susan chapelle COO Purdenza

As we celebrate this year’s International Women’s Day theme, #choosetochallenge, we’re highlighting women in the cannabis and psychedelic industries who have overcome challenges to smash glass ceilings and pave the road for the boss ladies of tomorrow.

We asked Purdenza Inc. COO, Susan Chapelle about her experiences in the cannabis and psychedelic industries and her advice for women interested in learning about and working with psychedelics.

What can the psychedelics industry learn from the cannabis industry?
The cannabis industry existed long before the market frenzy. Legalization killed so many small, women-led brands in our communities. Businesses that supported families, patients, and were localized economic development. Although I agree with the move to test and make safe from pesticides and introduce standards, the way legalization rolled out was not evidence-informed, nor did it take into account the many patients who were accessing local flower and products. The mass transportation and lack of opportunities for small growers may be repeated in the mushroom industry.

The difference with psychedelic medicine is that some of these compounds are synthesized, and lack safety profile, dosing and long-term outcomes. Not unlike cannabis research, we are coming out of a science prohibition more than a cultural prohibition. The new market frenzy means many companies are getting into the industry without licensing, or opportunity for product. I look at the new market forward mushroom industry and I see many companies and academic institutions doing excellent work to prove hypotheses and conjecture that has surrounded these compounds. They are furthering the work of pioneers who had great hope for this class of compounds with peer-reviewed, well-controlled studies. There are also companies without licenses, without credible scientists and who are taking advantage of policy in other countries without giving back.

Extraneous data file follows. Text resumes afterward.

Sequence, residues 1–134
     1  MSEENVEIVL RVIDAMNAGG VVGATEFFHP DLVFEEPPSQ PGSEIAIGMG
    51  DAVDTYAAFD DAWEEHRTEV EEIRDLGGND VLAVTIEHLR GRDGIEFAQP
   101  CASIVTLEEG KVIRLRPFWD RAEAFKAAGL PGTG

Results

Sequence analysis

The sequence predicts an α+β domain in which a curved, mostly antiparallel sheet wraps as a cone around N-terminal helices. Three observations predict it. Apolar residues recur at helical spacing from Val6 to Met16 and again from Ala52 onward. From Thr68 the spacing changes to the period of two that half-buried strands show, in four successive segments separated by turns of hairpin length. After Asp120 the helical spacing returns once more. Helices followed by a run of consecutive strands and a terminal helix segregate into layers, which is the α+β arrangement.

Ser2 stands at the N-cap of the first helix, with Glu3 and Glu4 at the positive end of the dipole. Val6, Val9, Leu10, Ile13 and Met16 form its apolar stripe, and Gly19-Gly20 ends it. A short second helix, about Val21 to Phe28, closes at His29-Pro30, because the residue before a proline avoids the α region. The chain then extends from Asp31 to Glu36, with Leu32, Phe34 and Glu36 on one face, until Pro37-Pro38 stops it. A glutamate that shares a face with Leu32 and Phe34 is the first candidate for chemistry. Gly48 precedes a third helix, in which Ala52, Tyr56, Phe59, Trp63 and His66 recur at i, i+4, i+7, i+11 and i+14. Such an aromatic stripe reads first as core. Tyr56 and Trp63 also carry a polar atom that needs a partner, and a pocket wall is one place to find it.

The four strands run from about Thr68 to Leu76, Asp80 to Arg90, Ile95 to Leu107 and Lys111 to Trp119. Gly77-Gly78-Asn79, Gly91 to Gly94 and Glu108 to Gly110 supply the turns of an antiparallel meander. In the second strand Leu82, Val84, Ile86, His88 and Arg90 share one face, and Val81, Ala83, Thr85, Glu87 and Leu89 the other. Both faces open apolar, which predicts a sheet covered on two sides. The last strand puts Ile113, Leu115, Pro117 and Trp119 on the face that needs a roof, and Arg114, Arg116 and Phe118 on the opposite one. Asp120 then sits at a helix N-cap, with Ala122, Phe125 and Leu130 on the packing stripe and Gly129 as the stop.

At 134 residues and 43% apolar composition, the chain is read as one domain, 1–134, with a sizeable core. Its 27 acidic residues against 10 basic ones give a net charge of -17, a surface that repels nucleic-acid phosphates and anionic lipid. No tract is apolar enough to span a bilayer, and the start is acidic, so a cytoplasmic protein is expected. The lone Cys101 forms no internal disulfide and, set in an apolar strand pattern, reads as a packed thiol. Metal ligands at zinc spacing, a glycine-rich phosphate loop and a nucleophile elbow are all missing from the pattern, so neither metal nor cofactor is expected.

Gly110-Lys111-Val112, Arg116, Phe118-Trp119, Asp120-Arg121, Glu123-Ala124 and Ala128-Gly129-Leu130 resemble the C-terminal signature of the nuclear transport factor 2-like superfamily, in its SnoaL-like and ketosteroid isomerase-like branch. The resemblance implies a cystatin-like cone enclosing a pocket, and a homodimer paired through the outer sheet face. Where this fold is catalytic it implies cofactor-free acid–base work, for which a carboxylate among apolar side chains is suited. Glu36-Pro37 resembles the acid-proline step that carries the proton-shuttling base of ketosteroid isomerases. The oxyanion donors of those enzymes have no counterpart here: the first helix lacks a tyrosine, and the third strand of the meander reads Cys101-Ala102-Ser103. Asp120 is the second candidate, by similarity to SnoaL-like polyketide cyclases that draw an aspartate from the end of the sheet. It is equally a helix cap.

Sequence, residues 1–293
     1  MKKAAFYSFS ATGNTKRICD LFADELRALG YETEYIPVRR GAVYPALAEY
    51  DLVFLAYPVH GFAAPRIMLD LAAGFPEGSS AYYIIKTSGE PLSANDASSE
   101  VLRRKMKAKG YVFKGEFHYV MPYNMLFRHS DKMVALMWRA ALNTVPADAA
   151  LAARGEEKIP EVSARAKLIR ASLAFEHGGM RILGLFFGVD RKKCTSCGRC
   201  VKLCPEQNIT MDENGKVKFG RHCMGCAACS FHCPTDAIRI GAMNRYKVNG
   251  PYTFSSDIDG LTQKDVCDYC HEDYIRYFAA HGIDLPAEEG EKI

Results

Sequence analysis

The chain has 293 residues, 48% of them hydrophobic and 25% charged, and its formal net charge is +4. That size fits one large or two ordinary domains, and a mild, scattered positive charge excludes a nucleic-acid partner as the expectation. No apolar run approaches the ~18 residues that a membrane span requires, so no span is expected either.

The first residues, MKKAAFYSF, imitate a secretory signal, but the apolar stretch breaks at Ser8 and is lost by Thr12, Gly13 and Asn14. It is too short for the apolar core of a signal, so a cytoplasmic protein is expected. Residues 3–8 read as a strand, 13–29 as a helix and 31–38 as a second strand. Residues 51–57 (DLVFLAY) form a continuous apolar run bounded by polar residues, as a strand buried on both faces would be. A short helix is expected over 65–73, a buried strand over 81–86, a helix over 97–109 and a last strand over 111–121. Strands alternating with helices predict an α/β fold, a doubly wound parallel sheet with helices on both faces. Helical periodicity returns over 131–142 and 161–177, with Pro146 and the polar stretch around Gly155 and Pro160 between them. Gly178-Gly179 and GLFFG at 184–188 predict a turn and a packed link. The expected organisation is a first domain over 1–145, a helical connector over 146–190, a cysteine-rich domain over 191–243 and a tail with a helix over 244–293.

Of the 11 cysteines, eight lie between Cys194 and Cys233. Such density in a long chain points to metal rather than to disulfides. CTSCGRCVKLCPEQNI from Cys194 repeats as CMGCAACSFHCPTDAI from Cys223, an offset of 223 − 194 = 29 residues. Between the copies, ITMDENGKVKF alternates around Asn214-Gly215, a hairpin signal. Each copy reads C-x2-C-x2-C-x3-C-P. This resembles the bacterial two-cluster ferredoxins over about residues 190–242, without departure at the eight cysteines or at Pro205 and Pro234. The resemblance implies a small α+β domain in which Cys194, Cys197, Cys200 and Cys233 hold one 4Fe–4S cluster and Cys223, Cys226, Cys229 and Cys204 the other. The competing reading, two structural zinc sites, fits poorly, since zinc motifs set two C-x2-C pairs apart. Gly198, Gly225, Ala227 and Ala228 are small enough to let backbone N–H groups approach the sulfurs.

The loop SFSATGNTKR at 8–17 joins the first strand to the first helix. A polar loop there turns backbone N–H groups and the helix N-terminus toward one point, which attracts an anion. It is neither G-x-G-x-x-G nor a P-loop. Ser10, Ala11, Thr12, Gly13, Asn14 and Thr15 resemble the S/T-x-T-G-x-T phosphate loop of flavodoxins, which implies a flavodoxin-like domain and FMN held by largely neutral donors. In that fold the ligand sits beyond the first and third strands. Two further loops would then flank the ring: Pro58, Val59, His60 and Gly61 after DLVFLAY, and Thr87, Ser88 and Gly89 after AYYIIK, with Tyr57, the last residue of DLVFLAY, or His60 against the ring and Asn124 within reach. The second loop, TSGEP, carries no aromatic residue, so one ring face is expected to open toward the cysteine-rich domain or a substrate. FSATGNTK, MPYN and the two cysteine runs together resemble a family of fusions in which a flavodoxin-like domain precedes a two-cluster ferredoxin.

What’s the number one piece of advice you’d give to a womxn looking to enter the psychedelics industry?
Make sure that your company recognizes equity and diversity policy. That they have an HR strategy, and are licensed with a facility. Don’t get involved with a pitch deck and a dream unless you have the resources and runway to fail. Make sure the team is kind, collaborative and inclusive, and the values of the company resonate with your own. 

susan chapelle COO Purdenza

Who are 5 womxn to follow in psychedelics?
Psychedelics has been a natural compound industry that has remarkable, passionate women advocates. These women recognize that this is a science driven industry, but with a rich cultural history of ceremony and helping people with difficult to manage disorders.  These women are behind the scenes doing the work necessary to move the dial: 

Samantha Tabone
Janet Qi
Juliana Quadros Mollica 
Nadia Van Der Heyden
Terri Smith 

What do you find most interesting about working with psychedelics?
The opportunity to discover how psychedelic compounds can help humans to thrive and overcome challenges. I have been publishing on mechanisms of action in neurobiology for over 10 years. My own personal struggles with healthcare mean I have been in clinical trials since I was six years old. Discovering novel ways to help move the dial on neurodegenerative diseases, mental health and inflammatory diseases is the most exciting and interesting part of working in this industry. 

If women are interested in exploring psychedelics where should they start?There are many new clinics opening that adhere to ‘set’ and ‘setting’. I do think it is important to have a facilitator and safe, standardized dosing when using a threshold dose of any psychedelic. Ketamine therapy is becoming widely available through psychiatry, and there are some excellent new opportunities with the growing industry capacity. The industry is discovering new disease profiles that can be affected, including addictions research and neurological benefits.  As the safety profile becomes more clear through controlled studies and more universities working in this field, I think the opportunity to explore psychedelics will be more profound. I look forward to the day when therapy is equitable and is funded through insurance and medical systems. 

To hear more from Susan, follow her on twitter.

For more stories and news from inspirational women in the community check out our blog.

Looking for a way to connect with women in weed & psychedelics? Register for our upcoming International Women’s Day event on March 8th, 2021! Susan Chapelle & one of her top five womxn in Psychedelics to follow, Terri Smith, will both be speaking.